Observe and inquire
Aim to learn something new every day. Take every opportunity to ask questions of your supervisors and colleagues. Don’t be a pest or get in their way when they’re busy, but do ask informed, appropriate questions that will broaden your knowledge and help you to become a better nurse or doctor. Most people you meet will be happy to help someone who is demonstrably enthusiastic and keen to learn. Talk to patients to get an idea of their expectations and experiences. Ask if you can attend staff meetings as an observer.
Placements are where you really get to see what healthcare is all about and you should take full advantage of this. Be observant and take note of everything you see. If you get the chance to enter into unique or unexpected situations, then do so. Carry a notebook so that you can jot down important information as you go. Writing down your observations immediately after you come off shift is a great way to consolidate and retain information.
Healthcare is to a large degree about communication, both between colleagues and patients. In this respect, no amount of academic education can fully prepare you for working life in a busy modern hospital. Information needs to be passed on quickly and effectively, often in high-pressure situations.
Patients don’t always understand the terminology you might use and may have difficulty making themselves understood. These are all lessons that you only learn through experience. Methods of communication arise naturally from specific environments, so to master these methods, you need to be immersed in that environment beforehand.
The fact that real people will be putting their health and often their life in your hands is humbling, and you should accept the gravity of this. However, at the same time, you know what to do, and you’ll be working with a team of experienced professionals ready to step in to help if necessary. With this in mind, don’t be afraid to put yourself forward when your supervisor asks for volunteers to perform a simple operation or make a diagnosis. The more you step up, the more you’ll learn, and the more your self-confidence will increase.
As with any new work or study environment, it’s good to get noticed on your placement as soon as possible. Introduce yourself to everyone you’ll be working alongside regardless of their perceived status. Be enthusiastic and show interest. Don’t be afraid to ask questions or voice an informed opinion. Use your initiative and look for ways to be helpful.
Be prepared to accept critical feedback in the spirit in which it’s intended. This is to help you become a better doctor or nurse. You might finish a shift feeling as though you know nothing and will never become a healthcare professional, but that isn’t true. If you’ve got this far, then you have what it takes. However, you’re still learning, which means that you make mistakes – and if you don’t make mistakes and get called out on them, then you’ll never learn how to do better.
Your supervisors don’t point out your errors because they enjoy it or because they don’t like you. They want to help you to learn and improve. That’s why they give honest feedback that might sometimes sound harsh. It’s intended to encourage robust self-assessment. Your clinical placement will continually take you out of your comfort zone, but that’s where you’ll learn and grow most effectively.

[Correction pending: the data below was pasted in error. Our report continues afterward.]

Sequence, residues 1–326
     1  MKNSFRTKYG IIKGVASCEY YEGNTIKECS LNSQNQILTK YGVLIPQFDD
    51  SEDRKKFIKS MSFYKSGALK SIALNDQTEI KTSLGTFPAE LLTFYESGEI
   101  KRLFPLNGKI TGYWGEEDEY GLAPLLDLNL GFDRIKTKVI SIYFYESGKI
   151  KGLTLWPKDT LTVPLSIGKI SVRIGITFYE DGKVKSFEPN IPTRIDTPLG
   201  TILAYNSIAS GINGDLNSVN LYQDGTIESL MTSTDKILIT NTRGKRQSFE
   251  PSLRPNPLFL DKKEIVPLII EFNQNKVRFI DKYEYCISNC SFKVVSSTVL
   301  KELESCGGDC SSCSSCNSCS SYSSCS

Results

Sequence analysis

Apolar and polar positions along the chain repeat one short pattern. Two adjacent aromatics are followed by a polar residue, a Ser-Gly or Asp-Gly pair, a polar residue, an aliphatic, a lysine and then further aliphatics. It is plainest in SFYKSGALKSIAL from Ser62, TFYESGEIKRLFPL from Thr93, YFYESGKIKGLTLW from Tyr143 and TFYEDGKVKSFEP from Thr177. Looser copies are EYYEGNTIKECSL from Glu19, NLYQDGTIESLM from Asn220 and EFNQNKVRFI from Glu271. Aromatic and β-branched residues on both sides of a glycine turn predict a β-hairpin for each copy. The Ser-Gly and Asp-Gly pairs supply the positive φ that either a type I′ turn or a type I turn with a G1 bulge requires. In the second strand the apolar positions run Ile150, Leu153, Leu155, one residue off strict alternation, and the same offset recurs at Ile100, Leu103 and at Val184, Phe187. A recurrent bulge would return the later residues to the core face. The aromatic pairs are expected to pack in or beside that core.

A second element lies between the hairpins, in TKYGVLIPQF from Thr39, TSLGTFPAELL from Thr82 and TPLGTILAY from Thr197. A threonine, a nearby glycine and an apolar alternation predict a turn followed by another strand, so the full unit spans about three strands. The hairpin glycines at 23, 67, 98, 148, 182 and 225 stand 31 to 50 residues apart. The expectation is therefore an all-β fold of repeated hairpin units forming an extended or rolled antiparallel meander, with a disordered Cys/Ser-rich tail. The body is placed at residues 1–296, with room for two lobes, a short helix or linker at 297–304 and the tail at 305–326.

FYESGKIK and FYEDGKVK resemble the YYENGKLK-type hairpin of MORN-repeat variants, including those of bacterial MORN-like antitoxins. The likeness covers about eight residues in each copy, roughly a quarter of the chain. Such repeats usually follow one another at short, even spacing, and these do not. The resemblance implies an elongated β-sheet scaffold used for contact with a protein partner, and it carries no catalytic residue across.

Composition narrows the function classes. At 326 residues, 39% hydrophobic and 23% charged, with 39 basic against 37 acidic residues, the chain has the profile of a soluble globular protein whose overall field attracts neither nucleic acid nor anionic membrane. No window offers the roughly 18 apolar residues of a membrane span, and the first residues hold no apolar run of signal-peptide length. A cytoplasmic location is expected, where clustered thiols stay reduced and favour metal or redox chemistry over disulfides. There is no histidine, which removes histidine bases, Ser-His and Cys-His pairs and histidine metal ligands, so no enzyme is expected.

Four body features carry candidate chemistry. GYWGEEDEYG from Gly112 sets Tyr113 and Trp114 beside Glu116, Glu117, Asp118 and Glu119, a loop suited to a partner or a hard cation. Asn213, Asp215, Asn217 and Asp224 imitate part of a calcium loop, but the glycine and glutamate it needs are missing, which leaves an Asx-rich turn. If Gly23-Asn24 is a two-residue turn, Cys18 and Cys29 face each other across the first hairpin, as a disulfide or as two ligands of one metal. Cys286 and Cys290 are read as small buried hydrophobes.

Your placement period is a great time to start building professional relationships and make new friends. The staff you’ll be working with will be able to offer you useful advice and share knowledge. You may even find someone who is prepared to serve as a mentor for you. Others may become informal role models, sometimes without even knowing it.
Start building your professional network during your clinical placement. You may meet the people you’re working with later in your career. Others may prove invaluable contacts when you’re looking for new opportunities. It’s never too soon to start getting to know your colleagues, and the benefits may be apparent immediately or useful for your future career development.
Make the most of quieter shifts
Not every day on your placement will feel stimulating and action-packed. Nevertheless, there will still be plenty for you to learn and do even on less productive shifts. Observing how your colleagues communicate or undertake routine tasks can teach you a lot about how a hospital is run.
If your shift is really quiet, this could be a good time to have more in-depth conversations with your colleagues or to follow up on complex questions you’ve been meaning to ask. Be prepared for these low-key times by familiarizing yourself with different wards and getting to know the people in charge there. If nothing is happening in the part of the hospital where you normally work, then you might be able to make yourself useful elsewhere.
Volunteering to go ‘on call’ can be an excellent way to get to know your colleagues as there will be fewer people working and you’ll get to see a different side of the hospital environment. Get comfortable with working on your own initiative. You’ll rarely find that you’re completely alone and there will always be someone around to back you up. However, getting used to not always having a partner or direct supervisor all the time will stand you in good stead for your future working life.
Work through your logbook
Keep track of the tasks in your logbook or portfolio that you need to tick off by the end of your placement. However, while you should always be mindful that these tasks need to be completed, also be aware that your logbook is not the be-all and end-all of your placement experience. Some of your most valuable lessons may come from shadowing a nurse or involving yourself in a procedure that is unrelated to your logbook tasks. Also, remember not to focus on completing your logbook at the expense of patient care – always put people first.
Your clinical placement is there to let you complete a series of supervised tasks in a real-world setting. These are all necessary in order for you to complete your course. However, achieving all of your assigned goals isn’t the only purpose of clinical placement. In many ways, the unexpected and unplanned elements of a placement are often the most valuable. They can teach you lessons that you won’t learn in any other context and will prepare you for what life as a working medical professional is really like.
Making the most of your clinical placement really does depend on you. Not every placement will be as exciting and stimulating as you might hope, and you may not click with all of the staff you’ll be working alongside. However, you may also find yourself in a work placement that you’ll remember for the rest of your career, and that you’ll later draw on when passing on advice to the next generation of students, many years later.
The key to success in both cases is your own attitude to your placement. Just remember to work hard, pay attention and enjoy yourself. Keep as much of a record of your thoughts, feelings and experiences as you can, both for your immediate benefit and to look back on with hindsight. These notes will remind you of an experience that will stay with you for a lifetime.